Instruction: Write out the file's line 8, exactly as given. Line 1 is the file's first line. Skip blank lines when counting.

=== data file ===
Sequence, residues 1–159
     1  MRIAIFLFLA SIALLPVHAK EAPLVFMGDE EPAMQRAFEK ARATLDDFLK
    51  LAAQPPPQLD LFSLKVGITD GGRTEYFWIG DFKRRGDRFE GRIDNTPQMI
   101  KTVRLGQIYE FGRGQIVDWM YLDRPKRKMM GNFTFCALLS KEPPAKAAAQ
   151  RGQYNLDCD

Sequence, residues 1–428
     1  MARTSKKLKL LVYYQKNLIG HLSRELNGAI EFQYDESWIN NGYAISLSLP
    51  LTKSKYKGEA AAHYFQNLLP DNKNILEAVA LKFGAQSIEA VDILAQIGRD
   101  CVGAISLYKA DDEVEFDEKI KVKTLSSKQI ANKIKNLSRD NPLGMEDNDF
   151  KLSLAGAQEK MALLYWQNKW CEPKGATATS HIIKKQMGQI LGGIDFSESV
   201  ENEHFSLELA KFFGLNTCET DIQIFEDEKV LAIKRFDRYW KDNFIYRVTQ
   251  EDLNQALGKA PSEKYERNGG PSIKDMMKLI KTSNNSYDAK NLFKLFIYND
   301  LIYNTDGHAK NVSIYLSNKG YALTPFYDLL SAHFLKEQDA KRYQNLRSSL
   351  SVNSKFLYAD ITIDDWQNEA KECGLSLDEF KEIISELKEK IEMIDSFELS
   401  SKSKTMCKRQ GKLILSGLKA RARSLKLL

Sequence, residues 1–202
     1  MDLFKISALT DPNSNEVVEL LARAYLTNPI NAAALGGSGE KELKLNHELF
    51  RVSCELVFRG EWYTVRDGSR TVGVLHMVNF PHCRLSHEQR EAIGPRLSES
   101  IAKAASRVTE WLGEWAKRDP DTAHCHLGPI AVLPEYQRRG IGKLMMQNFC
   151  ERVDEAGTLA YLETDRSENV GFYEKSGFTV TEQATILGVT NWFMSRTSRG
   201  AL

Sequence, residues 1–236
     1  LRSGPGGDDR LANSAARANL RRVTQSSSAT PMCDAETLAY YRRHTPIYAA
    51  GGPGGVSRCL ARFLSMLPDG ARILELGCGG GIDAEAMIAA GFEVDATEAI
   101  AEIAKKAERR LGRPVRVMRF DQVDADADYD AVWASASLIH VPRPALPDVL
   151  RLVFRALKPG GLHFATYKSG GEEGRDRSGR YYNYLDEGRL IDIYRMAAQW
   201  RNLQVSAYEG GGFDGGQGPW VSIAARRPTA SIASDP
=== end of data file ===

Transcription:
    51  LTKSKYKGEA AAHYFQNLLP DNKNILEAVA LKFGAQSIEA VDILAQIGRD